Can We Measure the Impact of Social Media?
Thursday, October 11, 2012
Posted by: DAA Administration
Several digital analytics experts that will speak at the DAA Seattle Symposium 2012 this November tackle this elusive question.
SEATTLE, Washington – October 11, 2012 – Chances are high your organization is asking customers and prospects to “like us on Facebook” or “follow us on Twitter.” Social channels such as Facebook, Twitter, LinkedIn and YouTube are appealing to marketers because, more often than not, these networks are where your customers are talking about your products. Another appeal to marketers is the notion that managing a Facebook page or Twitter account is relatively low-cost, although it can require a large amount of time, effort and creativity. But what is the impact and return? Can we tell whether a Tweet or like on Facebook led to a sale?
We engaged several experts who will be speaking at the DAA Seattle Symposium 2012 this November to comment on this topic. We asked John Bates of Adobe, Joshua Koran of Turn, Chen Zhao of Marchex Institute, and Erika Clemens of Microsoft to discuss whether the impact and return on investment (ROI) of social media can be quantified. Not surprisingly, the answers and perspectives on this popular question are mixed.
John Bates, Product Manager of Predictive Marketing Solutions, Digital Marketing Suite at Adobe Systems responds:
“The ways in which people interact with social media is quite different than what we see with other digital channels. For example, someone watching the 2011 MTV VMAs might have seen Beyonce’s baby bump announcement and then tweeted the announcement out. Depending on that person’s followers and overall influence, the message begins to spread. Additionally, some people receiving the tweet on their phone might hop onto their laptop or tablet and navigate to MTV.com to further investigate and see if there is a video clip – thus leading to web success for the publisher. This example illustrates some of the complexities in understanding and measuring the impact and ROI of social media.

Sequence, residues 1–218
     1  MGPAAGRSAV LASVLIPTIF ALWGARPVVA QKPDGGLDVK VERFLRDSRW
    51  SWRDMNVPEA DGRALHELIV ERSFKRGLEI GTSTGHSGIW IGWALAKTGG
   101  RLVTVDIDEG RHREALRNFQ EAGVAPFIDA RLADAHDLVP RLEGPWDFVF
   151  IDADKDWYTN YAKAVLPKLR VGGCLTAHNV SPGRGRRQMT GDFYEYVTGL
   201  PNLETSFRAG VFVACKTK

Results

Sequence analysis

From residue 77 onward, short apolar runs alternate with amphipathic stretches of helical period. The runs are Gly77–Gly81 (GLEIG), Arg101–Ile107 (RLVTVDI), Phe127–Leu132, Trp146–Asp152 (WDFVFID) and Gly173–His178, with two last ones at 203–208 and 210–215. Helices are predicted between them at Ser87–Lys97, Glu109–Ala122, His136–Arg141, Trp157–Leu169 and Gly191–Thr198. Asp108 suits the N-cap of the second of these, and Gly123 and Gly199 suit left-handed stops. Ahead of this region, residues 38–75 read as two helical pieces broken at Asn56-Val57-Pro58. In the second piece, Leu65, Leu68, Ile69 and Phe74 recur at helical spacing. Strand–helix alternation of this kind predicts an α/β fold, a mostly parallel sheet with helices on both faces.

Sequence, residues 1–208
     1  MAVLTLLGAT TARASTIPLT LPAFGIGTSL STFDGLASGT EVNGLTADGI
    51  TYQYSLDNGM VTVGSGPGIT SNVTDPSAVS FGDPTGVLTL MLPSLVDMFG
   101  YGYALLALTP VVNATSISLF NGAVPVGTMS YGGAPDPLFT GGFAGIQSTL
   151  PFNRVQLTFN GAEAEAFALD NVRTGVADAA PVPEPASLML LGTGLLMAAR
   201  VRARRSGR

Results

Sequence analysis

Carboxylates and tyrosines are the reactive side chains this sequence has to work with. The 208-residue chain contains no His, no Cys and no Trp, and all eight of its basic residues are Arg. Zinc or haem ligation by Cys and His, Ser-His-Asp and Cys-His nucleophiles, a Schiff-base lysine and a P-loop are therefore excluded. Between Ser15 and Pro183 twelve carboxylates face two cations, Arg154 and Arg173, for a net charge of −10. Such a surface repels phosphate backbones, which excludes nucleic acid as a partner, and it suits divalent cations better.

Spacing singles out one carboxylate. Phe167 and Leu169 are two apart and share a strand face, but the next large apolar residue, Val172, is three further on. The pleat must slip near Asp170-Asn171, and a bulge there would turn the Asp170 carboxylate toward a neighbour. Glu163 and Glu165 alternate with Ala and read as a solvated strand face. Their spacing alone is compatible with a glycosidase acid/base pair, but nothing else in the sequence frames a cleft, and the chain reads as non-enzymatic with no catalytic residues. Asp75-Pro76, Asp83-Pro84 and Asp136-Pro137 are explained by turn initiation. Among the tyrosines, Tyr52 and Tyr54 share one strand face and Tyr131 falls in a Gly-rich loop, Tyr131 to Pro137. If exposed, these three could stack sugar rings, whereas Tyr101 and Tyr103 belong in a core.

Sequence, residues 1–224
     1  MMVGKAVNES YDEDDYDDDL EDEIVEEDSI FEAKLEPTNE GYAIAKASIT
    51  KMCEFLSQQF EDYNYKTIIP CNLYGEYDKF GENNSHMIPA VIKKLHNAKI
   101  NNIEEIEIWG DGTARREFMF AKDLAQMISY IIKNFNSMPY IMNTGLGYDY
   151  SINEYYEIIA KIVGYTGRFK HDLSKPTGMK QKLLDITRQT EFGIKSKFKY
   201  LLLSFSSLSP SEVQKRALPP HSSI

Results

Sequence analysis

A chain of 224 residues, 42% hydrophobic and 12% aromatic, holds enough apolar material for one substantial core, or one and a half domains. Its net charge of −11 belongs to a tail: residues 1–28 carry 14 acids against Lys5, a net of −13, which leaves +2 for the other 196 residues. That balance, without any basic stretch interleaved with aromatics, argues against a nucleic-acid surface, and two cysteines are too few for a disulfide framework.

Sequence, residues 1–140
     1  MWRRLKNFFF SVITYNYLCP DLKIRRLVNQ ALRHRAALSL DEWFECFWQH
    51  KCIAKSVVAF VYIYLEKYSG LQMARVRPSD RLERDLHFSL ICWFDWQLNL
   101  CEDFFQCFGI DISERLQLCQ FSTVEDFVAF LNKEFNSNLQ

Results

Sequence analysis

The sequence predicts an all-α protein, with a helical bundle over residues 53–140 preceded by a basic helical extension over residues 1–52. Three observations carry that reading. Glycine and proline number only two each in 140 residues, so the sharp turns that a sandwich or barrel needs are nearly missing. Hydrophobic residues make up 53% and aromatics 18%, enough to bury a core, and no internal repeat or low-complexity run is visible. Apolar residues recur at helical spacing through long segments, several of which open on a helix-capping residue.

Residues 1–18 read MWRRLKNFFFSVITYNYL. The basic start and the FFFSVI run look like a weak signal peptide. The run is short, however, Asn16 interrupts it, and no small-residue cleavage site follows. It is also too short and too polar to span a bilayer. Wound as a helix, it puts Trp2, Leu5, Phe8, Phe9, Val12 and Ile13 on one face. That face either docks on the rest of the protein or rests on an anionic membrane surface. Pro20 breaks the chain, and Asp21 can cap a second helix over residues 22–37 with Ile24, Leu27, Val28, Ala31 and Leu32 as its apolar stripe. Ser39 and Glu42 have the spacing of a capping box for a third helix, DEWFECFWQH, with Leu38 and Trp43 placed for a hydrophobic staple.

Historically, organizations have had to try and convert a “Like” on Facebook or a “Retweet” on Twitter to real, measurable success. Unless the marketing team has hired a data scientist or an econometrician, the social media manager has been left to simply monitor and publish content without a clear understanding of the value they are providing to the organization.
Recently, Adobe has made significant strides in rectifying this situation through advancements in platform integrations between Adobe AdLens and Adobe SiteCatalyst – becoming the first platform to manage and optimize search, display and social advertising as a unified campaign. Leveraging the combined data and advanced predictive algorithms, advertisers have a simple way of leveraging conversion metrics to make more strategic media decisions and deliver optimal ROI. Adobe Social then manages social marketing activities end to end – from buying advertising to publishing content to fans and followers – driving engagement and measurable business outcomes. Moving forward digital marketers will continue to see many advancements in research to better understand and optimize social media within the marketing mix.”
Joshua Koran, Senior Vice President of Product Management at Turn responds: